The show opens with organ music and an exterior shot of the Glenoak Community Church. Inside, we see that RevCam is actually doing his job for the first time in about three seasons. Not that I'm particularly pleased about this, mind you -- just surprised. He speed-walks to the podium/pulpit and begins the sermon by greeting the audience, which responds by rousing itself from its collective sleep and murmuring. RevCam says he had a sermon "all written out and ready to go," but then he "read the paper. And as [he] flipped through the pages, something occurred to [him]." And that thing was that, even after all these years, "Family Circus" has still retained its uniquely hilarious combination of Midwestern charm, Christian values, and kooky puns. Also, since September 11th, "the news, in the world, hasn't been very good." You know, as opposed to before September 11th, when the news was always totally awesome and good. Now the world is filled with "war, murder, political unrest, stock market problems, CEOs bankrupting corporations, racial problems, terrorism, governments running out of money, [and] kids committing crimes." First of all, Eric, that was your kid. And second of all, way to make a ridiculously general list in order to prove a point without actually having to back it up with specifics.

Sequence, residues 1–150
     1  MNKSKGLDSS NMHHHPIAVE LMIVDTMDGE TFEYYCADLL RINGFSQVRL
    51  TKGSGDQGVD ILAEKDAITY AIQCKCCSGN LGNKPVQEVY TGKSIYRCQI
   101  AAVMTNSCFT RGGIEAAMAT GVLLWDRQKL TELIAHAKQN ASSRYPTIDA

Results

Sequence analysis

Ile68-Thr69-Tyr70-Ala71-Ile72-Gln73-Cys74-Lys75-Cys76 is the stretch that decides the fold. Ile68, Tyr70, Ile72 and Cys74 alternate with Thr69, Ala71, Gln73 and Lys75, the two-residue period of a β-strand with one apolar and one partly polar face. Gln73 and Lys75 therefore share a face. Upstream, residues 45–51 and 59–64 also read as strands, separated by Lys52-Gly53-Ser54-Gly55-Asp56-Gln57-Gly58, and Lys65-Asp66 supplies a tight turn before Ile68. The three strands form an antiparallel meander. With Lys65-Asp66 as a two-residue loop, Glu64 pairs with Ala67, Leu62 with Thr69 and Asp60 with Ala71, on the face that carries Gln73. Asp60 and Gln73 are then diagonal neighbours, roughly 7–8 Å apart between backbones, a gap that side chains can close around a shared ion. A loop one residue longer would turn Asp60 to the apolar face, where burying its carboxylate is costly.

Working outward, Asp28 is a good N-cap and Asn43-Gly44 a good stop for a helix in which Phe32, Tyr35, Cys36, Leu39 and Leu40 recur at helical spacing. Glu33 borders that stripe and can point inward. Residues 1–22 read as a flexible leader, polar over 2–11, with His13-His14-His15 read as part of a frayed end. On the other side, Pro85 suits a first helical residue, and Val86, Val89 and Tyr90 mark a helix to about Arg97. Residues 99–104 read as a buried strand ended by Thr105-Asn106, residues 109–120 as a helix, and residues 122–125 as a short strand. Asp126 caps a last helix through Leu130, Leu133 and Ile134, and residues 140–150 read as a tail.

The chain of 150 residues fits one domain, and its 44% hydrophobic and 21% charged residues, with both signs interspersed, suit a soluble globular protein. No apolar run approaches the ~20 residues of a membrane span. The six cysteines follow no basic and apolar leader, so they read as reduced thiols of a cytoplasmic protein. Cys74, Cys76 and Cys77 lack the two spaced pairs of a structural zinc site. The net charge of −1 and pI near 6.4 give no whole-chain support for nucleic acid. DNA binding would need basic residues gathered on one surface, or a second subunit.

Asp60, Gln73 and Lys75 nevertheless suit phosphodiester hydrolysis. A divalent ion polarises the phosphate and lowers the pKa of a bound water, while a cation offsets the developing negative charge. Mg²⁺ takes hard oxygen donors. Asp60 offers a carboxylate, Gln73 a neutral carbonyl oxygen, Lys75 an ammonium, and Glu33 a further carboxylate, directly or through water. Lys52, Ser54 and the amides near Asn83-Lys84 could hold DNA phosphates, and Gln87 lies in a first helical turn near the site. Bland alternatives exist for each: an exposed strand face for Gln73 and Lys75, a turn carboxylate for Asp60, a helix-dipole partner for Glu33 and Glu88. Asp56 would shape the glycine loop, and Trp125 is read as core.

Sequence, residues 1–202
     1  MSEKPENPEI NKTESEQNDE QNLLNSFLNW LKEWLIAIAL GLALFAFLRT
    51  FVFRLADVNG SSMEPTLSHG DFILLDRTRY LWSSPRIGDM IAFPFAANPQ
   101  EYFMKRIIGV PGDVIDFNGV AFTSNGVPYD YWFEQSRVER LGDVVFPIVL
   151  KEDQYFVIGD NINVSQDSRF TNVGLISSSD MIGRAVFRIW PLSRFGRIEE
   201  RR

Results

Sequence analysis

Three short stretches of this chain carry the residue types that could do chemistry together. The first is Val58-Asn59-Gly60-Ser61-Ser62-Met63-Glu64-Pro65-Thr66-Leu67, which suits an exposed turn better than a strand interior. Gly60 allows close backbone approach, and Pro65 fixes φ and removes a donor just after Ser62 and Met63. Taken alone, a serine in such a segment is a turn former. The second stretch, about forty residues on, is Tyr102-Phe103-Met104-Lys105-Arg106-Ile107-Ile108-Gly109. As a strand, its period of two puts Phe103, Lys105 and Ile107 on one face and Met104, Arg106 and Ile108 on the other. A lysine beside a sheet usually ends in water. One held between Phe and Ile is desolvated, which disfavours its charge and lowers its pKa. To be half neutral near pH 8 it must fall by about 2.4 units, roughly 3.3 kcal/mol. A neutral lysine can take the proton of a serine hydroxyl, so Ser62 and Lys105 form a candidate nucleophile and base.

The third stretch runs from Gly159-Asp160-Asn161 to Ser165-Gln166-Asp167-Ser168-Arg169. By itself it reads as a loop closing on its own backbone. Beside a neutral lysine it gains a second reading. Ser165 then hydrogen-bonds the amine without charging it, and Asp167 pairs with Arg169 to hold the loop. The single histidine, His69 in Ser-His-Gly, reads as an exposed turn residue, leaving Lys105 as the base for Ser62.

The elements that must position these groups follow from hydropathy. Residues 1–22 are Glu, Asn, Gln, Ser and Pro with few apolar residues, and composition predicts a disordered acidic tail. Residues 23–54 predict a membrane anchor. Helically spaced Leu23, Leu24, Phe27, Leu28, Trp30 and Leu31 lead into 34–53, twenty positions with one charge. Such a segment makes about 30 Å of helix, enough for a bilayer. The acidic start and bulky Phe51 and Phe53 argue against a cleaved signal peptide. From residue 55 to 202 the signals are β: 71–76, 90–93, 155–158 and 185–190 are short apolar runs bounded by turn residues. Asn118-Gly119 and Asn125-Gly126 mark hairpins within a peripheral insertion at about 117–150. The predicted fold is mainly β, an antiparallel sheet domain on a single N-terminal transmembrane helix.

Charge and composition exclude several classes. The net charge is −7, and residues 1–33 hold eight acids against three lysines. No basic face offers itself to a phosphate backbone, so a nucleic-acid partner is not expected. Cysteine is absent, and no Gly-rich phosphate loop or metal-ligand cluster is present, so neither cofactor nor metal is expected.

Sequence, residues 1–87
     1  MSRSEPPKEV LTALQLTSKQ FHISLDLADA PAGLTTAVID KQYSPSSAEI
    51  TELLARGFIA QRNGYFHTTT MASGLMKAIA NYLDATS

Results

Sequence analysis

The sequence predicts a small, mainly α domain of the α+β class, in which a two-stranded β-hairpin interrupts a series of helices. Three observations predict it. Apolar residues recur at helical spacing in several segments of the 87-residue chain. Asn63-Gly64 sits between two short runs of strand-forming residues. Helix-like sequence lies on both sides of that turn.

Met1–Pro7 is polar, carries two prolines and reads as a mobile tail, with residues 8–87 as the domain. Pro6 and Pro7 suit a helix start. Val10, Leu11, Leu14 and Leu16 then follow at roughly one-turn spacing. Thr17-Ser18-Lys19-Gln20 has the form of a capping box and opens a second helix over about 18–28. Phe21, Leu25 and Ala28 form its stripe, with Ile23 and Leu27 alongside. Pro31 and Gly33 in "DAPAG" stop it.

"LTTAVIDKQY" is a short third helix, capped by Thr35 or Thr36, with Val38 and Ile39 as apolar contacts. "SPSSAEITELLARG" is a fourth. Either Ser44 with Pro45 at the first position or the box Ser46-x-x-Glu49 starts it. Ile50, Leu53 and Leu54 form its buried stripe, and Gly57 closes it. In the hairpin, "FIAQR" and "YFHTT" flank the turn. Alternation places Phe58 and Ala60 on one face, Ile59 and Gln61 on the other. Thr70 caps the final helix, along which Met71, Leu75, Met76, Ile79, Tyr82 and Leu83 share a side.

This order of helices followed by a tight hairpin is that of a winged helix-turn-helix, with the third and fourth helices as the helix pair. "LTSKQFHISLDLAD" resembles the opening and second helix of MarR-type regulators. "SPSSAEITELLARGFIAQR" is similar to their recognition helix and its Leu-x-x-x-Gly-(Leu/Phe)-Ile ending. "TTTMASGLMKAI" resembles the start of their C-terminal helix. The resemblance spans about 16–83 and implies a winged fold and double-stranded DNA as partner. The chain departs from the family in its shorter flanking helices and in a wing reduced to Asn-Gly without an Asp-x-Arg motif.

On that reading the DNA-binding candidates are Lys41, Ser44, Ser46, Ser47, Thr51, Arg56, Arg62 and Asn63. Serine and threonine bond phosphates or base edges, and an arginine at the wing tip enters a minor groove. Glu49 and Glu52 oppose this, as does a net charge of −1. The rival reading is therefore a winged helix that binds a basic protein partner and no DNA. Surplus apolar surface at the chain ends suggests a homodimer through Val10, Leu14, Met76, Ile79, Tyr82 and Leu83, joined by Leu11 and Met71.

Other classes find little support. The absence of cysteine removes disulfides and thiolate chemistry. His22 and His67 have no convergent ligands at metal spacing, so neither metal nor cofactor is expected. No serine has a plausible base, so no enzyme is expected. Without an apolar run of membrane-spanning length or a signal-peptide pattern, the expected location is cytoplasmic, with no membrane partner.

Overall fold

"I know that you find this news as upsetting as I do," says RevCam, at which point one member of the audience expresses his upset-edness with a light cough. "I hear it in our phone conversations. I read it in your letters and emails." You'd think that there would be some audience reaction to RevCam's admission of tapping the town's phones, hacking their computers, and steaming open their letters, but no. RevCam says that he has an idea of how to combat this problem of sad news, at which point random people start passing out slips of paper. RevCam jumps out from behind his podium and takes it to the aisles, saying that everyone has a "special talent" that he or she can use to help someone in need. For example, any plumbers or carpenters could volunteer their time and skills to fixing up the church. So not only did RevCam obviously decide to go out last night instead of writing a real sermon, but he's also trying to score some free remodeling for the CamPound with his ad-libbed sermon. While RevCam suggests other things that people could do, Stephen Collins and the camera operator engage in what appears to be a sick game of Chicken. Every time the camera moves in on RevCam's big face, Collins moves in too, until finally one of them gives up and backs off. I'm not sure who wins the game, but I know that we, the audience, are the losers. Lucy laughs at RevCam's suggestion that a stay-at-home mother could cook dinner for a working mother's children, because it's a lot less trouble to just steal dinner from one's parents every night. RevCam says that even just praying for someone who needs a little extra help is acceptable, at which point SamVid smiles as if they are capable of the talking and mental focus that this simple task would require. As Chandler bravely tries not to doze off, RevCam tells his flock that they are to write down a commitment to do something for someone "other than [themselves]" -- yes, RevCam actually felt the need to throw that in there because he knows his congregation is full of selfish assholes like himself -- in the coming year. He wants the collection plate to be filled with commitments instead of cash. The CamKids mumble nervously to themselves that this could mean the end of their expensive wardrobes and half-gallon containers of milk. RevCam tells his remarkably ugly congregation to be "the wind beneath the wings of our faith." The Saxophone of Combining Two Cheesy Ideals into One Lame Cliché plays us into the theme song.